The Toronto Raptors took another significant step towards achieving the continuity that GM Masai Ujiri so often talks about earlier this week when they retained their entire staff of coaching assistants from last season. But with free agency still over a month away, the team’s attention has immediately been refocused on the upcoming NBA Draft and selecting someone who can contribute as soon as possible.
Luckily for the Raptors, owning the 20th overall pick in this year’s draft class doesn’t necessarily mean having to settle for a project with minimal upside and limited experience. Nevertheless, it’s still likely to take Ujiri’s keen eye to identify the right fit, and there are a few players who should be on Toronto’s radar.
Realistically, it would be a huge surprise if Michigan State‘s Adreian Payne was still available when the Raptors made their first pick, and NC State‘s T.J. Warren is also likely to be taken earlier than the experts have projected.
But UCLA‘s Kyle Anderson is a possibility, and with a 6-foot-8, 230-pound frame, the former Bruin definitely has the size to hold his own in the NBA. Coincidentally ranked 20th by Gary Parrish of CBSSports.com, Anderson averaged 14.6 points and 8.8 rebounds a game last season against formidable college competition, and registered 14 double-doubles in his final year of Pac-12 basketball. More importantly, Anderson approached similar numbers as a freshman, and the added year of NCAA experience will make a big difference in training camp and throughout his first season in the league.
At 6-foot-6 and 230 pounds, former North Carolina Tar Heel P.J. Hairston also brings some decent size to the table, and the small forward showed a ton of promise during his two years in the ACC prior to having a rare opportunity to play in the NBA’s developmental league this past season.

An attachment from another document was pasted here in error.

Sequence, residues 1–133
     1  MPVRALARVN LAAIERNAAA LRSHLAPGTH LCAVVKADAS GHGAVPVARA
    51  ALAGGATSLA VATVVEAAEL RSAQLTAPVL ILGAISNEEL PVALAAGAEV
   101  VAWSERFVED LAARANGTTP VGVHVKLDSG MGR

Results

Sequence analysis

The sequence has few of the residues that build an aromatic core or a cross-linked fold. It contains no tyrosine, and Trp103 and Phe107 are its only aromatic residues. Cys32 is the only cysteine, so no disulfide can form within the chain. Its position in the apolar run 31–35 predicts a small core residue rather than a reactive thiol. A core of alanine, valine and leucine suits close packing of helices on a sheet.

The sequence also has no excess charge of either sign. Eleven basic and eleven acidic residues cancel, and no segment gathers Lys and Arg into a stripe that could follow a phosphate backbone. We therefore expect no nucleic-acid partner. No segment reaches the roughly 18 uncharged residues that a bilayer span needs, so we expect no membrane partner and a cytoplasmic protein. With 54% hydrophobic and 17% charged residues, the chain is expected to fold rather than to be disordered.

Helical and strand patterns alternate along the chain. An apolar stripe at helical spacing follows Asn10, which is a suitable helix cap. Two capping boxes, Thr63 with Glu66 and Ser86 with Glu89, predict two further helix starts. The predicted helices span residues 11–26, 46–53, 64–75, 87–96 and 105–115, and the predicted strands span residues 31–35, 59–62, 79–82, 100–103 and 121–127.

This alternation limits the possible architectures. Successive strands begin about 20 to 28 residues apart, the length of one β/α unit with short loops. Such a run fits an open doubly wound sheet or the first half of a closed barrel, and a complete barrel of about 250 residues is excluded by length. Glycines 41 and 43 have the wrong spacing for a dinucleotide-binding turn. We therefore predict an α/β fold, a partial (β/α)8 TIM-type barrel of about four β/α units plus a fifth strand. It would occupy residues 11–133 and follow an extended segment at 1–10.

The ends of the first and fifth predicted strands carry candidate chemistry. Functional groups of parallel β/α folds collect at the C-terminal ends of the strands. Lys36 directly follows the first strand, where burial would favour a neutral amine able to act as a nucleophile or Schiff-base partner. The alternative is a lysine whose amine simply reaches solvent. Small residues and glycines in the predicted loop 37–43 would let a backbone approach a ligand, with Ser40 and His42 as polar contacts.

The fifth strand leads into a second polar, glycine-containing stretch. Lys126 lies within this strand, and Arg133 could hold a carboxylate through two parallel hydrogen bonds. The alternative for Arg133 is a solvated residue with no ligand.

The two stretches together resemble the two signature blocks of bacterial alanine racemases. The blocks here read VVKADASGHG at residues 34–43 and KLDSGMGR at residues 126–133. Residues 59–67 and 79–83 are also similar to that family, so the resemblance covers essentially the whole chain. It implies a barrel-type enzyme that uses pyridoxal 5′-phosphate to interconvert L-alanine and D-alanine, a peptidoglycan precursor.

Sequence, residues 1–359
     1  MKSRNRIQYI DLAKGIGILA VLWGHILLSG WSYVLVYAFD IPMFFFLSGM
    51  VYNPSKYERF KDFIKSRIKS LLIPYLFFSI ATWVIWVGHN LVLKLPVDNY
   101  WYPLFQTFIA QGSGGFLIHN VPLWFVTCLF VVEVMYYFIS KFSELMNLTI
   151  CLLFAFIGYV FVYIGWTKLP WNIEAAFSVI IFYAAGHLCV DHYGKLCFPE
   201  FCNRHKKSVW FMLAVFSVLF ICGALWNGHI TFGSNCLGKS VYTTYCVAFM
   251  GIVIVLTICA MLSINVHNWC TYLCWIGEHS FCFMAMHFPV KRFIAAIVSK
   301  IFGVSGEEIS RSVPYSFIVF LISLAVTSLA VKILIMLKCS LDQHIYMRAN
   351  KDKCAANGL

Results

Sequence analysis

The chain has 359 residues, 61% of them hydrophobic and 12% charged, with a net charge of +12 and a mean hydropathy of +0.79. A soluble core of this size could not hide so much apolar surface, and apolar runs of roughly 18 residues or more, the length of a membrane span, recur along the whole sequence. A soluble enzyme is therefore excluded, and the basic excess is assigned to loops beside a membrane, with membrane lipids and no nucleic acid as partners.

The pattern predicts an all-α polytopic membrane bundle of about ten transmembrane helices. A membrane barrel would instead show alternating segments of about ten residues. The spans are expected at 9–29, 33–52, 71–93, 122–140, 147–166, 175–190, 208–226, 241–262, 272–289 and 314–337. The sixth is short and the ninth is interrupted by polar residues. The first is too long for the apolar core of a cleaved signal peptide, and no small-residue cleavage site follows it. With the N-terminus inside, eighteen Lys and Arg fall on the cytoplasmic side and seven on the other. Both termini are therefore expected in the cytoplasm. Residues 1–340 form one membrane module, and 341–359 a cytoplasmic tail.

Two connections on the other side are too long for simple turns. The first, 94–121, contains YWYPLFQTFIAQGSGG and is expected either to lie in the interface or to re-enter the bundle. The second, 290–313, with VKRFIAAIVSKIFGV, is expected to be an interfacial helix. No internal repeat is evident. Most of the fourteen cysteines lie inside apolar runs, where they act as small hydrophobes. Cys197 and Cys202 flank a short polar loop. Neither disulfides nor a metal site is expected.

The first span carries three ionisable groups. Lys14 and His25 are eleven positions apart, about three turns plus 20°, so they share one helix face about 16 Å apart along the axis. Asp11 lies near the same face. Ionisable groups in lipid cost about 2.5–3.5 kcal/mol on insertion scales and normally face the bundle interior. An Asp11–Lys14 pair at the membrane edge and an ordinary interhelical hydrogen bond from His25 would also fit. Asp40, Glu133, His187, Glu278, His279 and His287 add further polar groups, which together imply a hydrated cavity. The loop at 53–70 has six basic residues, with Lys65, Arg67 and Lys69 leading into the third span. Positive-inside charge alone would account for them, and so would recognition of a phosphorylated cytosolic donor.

In 26 games with the D-league’s Texas Legends, Hairston averaged 21.8 PPG with 3.5 RPG. And while his numbers on the glass need some work, his quality outside shot coupled with the fairly seamless, mid-season transition he made from the NCAA to the D-League indicates his ability to adapt under pressure while making him an attractive NBA hopeful.
Of course, Hairston only landed in the D-League after a troubled existence in college, and some feel that the competition he faced following his time in the ACC can’t hold a candle to NCAA basketball. But that’s the risk involved in the draft, and choosing to play with Texas has definitely helped Hairston prove that he’s focused on basketball.
Historically, the Raptors have taken some huge risks on unproven big men in the draft, and could still choose to select a guard. But with Jonas Valanciunas and hopefully Patrick Patterson to build around, the play of Amir Johnson on the decline, and capable guards already in place, now is the time to draft the next piece of Toronto’s low-post puzzle.